noun, plural per·i·stal·ses [per-uh-stawl-seez, -stal-] /ˌpɛr əˈstɔl siz, -ˈstæl-/. Physiology.
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Origin of peristalsis
OTHER WORDS FROM peristalsishy·per·per·i·stal·sis, noun
Words nearby peristalsis
Example sentences from the Web for peristalsis
In its modern significance, peristalsis, however, also includes the movements of longitudinal fibres.
It is on this roughage or waste material that intestinal movement or peristalsis depends.Health Through Will Power|James J. Walsh
For is it not indicative of peristalsis that always when the upper parts of the gullet contract the lower parts dilate?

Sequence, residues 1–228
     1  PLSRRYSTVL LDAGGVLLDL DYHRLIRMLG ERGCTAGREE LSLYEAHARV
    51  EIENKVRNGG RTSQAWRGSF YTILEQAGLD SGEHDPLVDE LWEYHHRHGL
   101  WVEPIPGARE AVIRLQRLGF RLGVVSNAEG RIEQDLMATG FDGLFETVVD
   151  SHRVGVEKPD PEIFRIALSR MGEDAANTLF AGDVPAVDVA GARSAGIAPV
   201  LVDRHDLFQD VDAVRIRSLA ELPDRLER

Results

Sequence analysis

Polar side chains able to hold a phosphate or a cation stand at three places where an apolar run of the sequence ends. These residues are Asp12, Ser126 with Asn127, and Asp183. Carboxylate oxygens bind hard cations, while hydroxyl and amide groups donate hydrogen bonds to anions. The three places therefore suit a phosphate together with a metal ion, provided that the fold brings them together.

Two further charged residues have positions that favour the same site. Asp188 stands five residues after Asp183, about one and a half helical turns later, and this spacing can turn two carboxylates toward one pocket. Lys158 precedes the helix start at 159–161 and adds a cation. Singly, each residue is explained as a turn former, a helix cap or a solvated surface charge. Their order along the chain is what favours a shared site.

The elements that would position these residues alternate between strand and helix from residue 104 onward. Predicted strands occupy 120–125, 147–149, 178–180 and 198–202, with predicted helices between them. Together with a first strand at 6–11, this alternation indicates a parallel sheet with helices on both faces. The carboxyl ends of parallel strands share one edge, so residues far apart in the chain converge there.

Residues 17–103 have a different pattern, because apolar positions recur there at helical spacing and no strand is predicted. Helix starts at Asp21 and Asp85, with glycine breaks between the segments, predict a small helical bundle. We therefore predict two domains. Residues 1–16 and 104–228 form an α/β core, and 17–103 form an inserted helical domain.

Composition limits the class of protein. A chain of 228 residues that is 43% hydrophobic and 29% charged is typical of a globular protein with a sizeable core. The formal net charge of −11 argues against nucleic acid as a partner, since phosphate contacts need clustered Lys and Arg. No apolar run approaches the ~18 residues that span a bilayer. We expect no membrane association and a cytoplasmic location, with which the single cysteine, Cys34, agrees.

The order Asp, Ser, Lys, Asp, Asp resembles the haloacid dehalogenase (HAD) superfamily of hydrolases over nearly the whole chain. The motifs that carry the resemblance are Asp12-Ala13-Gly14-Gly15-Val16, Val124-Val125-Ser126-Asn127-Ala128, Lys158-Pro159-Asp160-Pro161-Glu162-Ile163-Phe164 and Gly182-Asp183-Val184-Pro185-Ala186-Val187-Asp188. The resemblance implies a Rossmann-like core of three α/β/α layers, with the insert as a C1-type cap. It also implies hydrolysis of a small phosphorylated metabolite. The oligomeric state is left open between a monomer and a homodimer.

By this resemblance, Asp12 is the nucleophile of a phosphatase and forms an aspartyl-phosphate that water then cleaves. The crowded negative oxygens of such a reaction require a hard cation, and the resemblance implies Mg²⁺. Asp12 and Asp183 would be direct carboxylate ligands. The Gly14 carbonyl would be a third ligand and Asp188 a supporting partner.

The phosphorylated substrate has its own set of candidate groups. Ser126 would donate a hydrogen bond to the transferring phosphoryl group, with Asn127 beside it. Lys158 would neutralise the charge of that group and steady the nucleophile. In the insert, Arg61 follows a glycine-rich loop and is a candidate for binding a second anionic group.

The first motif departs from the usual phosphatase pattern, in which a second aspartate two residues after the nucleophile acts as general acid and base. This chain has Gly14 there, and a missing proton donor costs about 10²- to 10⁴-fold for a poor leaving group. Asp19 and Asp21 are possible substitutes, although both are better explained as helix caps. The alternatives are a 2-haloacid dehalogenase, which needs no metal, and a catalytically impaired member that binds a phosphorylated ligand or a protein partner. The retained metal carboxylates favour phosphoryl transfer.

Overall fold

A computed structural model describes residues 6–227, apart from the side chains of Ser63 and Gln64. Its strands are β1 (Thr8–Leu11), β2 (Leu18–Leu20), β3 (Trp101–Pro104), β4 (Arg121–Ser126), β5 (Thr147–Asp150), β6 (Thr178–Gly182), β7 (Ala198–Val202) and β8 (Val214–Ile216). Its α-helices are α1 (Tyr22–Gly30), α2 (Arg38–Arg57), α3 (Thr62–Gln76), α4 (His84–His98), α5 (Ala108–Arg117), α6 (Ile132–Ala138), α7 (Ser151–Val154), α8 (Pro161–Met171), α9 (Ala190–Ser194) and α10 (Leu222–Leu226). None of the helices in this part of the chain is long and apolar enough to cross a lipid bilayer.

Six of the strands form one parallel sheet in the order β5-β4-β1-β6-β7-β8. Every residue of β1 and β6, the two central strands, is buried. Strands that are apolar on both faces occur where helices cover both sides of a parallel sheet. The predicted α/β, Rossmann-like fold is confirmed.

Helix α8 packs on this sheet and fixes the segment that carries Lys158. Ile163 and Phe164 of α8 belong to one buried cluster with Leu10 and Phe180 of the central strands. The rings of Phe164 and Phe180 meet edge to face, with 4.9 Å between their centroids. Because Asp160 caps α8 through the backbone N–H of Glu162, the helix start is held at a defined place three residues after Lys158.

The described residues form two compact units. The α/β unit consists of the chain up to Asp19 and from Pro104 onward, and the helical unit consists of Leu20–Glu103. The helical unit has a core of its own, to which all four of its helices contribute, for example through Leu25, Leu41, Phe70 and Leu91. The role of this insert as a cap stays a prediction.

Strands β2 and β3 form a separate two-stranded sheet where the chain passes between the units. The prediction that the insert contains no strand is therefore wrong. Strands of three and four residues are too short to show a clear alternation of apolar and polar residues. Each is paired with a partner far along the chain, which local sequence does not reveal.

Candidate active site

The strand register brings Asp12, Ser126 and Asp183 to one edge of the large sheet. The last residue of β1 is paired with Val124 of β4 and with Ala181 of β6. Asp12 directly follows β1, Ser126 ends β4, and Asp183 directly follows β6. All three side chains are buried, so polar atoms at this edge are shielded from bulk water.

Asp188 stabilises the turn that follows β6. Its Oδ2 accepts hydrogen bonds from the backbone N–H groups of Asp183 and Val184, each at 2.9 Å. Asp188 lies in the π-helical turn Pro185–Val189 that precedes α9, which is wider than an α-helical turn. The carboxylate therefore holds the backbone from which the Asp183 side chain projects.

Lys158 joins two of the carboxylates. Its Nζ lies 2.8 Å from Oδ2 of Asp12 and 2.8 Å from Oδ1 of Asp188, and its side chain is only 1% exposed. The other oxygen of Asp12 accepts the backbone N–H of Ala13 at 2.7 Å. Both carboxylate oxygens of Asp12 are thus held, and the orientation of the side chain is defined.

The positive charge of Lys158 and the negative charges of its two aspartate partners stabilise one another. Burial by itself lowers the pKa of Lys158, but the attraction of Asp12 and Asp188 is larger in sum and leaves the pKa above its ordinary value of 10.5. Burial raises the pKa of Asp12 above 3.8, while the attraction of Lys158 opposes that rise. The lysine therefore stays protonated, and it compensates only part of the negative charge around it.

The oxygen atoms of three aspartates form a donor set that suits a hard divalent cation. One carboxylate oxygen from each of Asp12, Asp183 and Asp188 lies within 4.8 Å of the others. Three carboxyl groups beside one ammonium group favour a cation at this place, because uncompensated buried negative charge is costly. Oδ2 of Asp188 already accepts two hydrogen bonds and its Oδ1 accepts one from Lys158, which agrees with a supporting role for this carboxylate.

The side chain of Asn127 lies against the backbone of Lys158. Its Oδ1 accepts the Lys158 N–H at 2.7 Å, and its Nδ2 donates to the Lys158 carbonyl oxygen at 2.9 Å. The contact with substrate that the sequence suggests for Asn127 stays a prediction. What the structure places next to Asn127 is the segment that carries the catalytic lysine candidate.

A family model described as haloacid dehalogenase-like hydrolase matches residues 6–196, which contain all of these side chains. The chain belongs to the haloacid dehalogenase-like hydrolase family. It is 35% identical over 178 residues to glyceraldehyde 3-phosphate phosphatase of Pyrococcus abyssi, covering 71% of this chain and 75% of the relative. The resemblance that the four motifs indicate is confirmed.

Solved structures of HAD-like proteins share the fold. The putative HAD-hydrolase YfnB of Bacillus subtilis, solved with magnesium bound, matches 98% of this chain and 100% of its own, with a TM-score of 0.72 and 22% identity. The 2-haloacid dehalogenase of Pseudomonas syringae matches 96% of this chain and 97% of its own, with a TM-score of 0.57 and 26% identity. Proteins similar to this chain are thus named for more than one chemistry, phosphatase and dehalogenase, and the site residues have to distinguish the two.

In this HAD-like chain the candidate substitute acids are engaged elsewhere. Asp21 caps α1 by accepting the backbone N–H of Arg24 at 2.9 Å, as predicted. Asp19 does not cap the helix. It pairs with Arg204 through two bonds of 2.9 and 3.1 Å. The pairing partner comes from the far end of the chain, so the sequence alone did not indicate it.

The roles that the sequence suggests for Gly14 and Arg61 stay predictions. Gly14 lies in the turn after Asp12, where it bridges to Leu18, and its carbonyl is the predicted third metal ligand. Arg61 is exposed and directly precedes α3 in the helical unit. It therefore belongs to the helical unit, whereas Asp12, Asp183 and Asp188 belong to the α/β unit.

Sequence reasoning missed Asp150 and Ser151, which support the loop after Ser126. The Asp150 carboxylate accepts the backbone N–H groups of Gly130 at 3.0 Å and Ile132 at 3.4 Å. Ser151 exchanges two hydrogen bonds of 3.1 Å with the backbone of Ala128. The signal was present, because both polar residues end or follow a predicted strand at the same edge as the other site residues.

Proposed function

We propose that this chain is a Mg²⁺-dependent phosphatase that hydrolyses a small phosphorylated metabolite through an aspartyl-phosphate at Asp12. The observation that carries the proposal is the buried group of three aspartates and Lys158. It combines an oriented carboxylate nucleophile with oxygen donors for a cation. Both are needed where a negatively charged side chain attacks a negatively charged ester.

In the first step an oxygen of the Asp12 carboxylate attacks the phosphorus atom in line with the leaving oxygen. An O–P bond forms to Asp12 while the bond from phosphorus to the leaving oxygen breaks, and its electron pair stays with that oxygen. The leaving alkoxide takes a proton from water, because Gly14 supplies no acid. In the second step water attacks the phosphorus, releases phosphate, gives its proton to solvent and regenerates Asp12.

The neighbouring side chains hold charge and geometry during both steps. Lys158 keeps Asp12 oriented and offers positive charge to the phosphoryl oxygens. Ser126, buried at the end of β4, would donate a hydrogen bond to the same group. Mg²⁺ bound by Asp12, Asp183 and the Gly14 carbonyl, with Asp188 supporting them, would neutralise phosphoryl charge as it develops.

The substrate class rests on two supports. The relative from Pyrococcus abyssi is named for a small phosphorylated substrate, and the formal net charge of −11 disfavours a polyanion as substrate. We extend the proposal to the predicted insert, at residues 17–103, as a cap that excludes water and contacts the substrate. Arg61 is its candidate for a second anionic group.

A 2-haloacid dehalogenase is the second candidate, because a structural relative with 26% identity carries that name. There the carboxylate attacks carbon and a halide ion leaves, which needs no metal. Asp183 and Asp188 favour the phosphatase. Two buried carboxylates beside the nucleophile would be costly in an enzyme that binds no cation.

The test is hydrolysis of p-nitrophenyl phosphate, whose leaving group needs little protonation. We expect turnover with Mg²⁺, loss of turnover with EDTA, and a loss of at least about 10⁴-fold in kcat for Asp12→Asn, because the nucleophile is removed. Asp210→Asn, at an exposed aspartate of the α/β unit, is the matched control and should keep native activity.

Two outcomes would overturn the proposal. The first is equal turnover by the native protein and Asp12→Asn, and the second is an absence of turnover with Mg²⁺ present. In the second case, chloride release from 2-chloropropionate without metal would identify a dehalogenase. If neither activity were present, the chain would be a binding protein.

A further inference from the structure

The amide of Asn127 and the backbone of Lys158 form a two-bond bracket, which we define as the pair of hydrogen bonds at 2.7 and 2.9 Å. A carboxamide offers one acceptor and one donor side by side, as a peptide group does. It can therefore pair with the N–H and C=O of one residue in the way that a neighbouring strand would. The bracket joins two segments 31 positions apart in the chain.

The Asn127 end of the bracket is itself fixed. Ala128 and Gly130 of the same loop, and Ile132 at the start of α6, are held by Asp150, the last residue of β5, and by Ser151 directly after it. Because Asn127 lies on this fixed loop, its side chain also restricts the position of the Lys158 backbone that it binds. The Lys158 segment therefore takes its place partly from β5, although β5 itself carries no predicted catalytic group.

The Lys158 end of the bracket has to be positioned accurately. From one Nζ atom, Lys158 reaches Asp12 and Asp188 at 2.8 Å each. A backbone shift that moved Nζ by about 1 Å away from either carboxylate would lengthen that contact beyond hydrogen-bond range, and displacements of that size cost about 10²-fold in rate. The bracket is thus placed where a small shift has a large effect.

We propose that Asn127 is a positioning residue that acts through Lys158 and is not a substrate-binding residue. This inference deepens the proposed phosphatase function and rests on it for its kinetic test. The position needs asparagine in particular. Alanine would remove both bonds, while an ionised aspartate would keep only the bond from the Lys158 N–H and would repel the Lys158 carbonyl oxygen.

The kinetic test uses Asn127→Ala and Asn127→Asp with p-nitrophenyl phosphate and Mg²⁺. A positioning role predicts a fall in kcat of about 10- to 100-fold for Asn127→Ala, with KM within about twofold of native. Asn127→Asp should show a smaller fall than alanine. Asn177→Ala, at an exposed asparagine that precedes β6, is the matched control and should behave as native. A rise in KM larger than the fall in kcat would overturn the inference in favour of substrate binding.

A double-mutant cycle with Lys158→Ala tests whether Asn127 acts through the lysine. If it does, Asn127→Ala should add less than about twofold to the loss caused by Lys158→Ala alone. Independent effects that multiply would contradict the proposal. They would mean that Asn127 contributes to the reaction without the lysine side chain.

Various things may interfere with peristalsis, and the disturbance of it will almost surely cause some sensation.Psychotherapy|James J. Walsh
If, however, cold increases pain and peristalsis, it should be abandoned.
British Dictionary definitions for peristalsis
noun plural -ses (-siːz)
Derived forms of peristalsisperistaltic, adjectiveperistaltically, adverb
Word Origin for peristalsis
Medical definitions for peristalsis
n. pl. per•i•stal•ses (-sēz)
Other words from peristalsisper′i•stal′tic (-stôl′tĭk, -stăl′-) adj.
Scientific definitions for peristalsis
Cultural definitions for peristalsis
The wavelike, involuntary muscular contractions that move food through the digestive system.